Philippines Case Study

BACKGROUND The Philippines has been traditionally viewed as a fragile democracy, experiencing electoral challenges for many years. Elections officials and citizens alike, are often concerned about the potential for electoral fraud, in part because of the long time it takes to manually tabulate and canvass at all levels. In the past, it has taken several weeks to determine victors.

The elections are a test not only of how the citizens would like to see their country governed but also of the system for choosing their government. For the first time in the Country’s history, a modernized voting system is being used in an effort to ensure every vote cast securely, accurately and without any misconception as to the voters’ intent.

National elections in the Philippines
are major operations with
up to 50,000 ballot styles, and
the same number of candidates.

What Dominion Did.

This was the first nationally computerized/automated election in the country’s history. Elections took place in each province, municipality and city – for President, provincial governors, vice governors and board members, city mayors, vice mayors and councillors.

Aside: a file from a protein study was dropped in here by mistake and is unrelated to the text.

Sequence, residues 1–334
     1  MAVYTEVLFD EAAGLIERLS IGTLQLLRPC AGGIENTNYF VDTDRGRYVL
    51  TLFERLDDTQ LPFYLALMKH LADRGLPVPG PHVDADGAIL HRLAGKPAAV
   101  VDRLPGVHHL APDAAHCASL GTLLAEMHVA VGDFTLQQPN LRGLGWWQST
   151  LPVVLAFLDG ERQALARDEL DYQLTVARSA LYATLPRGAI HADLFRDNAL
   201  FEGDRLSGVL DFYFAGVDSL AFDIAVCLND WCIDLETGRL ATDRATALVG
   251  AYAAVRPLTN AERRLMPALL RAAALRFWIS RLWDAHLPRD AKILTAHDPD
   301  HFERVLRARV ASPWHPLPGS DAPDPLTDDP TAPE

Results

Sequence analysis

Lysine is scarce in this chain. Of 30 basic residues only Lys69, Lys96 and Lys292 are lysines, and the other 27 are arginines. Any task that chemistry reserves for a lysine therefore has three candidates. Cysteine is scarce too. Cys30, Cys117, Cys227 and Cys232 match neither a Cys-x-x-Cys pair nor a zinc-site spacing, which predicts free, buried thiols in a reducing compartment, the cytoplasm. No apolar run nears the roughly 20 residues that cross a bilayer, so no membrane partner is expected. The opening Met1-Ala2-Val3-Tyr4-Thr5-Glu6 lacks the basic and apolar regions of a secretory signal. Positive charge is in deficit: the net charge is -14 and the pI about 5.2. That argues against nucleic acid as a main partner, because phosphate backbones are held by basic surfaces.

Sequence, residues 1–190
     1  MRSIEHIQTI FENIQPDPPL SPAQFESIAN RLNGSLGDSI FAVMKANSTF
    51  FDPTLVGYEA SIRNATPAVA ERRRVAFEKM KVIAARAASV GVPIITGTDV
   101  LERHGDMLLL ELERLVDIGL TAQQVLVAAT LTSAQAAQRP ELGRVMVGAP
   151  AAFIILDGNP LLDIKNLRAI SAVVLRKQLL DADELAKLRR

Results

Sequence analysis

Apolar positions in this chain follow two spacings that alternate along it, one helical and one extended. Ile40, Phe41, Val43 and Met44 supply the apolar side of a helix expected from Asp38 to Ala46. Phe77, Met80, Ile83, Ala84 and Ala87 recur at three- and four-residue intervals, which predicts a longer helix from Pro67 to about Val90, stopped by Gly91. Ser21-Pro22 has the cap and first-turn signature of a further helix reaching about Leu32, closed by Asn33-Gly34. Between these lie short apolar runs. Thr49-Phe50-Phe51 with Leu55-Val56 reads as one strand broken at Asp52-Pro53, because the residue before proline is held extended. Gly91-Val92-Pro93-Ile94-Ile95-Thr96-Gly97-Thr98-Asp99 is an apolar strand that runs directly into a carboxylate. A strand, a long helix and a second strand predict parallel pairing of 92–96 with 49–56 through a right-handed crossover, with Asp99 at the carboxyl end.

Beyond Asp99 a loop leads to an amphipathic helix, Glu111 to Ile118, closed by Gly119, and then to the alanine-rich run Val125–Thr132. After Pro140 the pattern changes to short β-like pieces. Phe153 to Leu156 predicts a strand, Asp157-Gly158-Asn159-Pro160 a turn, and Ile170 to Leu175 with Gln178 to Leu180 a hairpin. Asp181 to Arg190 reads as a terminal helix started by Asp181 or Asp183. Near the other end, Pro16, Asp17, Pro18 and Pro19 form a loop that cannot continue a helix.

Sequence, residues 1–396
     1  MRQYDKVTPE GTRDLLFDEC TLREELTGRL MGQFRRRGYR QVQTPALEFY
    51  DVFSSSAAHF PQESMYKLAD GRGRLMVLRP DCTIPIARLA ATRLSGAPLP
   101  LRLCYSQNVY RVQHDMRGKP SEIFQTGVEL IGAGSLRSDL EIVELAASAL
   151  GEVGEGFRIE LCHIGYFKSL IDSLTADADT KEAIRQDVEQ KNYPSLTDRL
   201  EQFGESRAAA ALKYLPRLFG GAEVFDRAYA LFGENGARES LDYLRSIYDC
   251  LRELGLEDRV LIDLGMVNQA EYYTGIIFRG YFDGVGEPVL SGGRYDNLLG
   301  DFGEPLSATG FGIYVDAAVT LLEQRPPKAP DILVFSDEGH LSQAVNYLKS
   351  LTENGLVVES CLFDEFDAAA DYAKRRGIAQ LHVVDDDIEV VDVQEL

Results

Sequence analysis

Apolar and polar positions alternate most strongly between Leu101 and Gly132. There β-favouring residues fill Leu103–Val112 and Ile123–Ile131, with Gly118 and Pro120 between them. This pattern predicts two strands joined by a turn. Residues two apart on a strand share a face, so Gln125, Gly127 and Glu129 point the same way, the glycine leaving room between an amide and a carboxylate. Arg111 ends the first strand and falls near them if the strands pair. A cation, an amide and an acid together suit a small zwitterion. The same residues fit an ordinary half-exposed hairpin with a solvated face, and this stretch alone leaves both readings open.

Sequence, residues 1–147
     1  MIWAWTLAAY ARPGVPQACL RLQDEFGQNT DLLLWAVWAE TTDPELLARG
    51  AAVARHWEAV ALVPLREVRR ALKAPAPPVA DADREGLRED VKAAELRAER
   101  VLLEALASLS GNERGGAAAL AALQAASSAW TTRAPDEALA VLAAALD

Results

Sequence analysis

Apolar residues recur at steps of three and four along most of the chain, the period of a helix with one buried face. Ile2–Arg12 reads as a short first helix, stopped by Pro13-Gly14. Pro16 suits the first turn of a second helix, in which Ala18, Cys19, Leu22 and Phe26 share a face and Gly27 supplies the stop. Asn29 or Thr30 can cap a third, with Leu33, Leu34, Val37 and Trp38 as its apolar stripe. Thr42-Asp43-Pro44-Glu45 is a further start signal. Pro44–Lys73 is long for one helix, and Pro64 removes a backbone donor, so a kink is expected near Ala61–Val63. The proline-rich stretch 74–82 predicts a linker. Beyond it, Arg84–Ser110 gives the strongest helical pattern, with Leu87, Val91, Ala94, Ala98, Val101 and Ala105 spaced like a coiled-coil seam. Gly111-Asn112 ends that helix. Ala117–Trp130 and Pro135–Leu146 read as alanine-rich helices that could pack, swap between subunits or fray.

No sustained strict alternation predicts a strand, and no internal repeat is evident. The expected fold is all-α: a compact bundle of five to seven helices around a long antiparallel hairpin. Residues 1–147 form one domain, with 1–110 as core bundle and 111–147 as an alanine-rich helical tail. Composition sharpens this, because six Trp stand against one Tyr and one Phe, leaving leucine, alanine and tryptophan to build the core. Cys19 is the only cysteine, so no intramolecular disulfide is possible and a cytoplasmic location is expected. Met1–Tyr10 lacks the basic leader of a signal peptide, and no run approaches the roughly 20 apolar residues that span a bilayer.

The costs of adopting automated voting systems were justified by the promise of what this change in tabulating ballots would offer the citizens of the Philippines. The decision to go with automated voting helped to change the people’s perception of the democratic process in a very positive way.

Dominion provided the tabulation technology with their
ImageCast® Precinct to the lead vendor in the Philippines

This was the first time that
the ICP had been used in such
a large-scale election.

Within 3 hours, 38% of precinct election returns had been consolidated by the COMELEC, the secular election watch organization, and the information technology random audit. By midnight, this increased to over 55% faster than anyone’s expectations. The 2010 Elections were truly a major accomplishment when considering the size and scale of the operation.

The confidence that came as a result of this first automated election also helped to improve the Philippines financially. The currency surged by 12%, the highest single-day gain since July 2008. The Philippines Stock Exchange rose by 3.85%.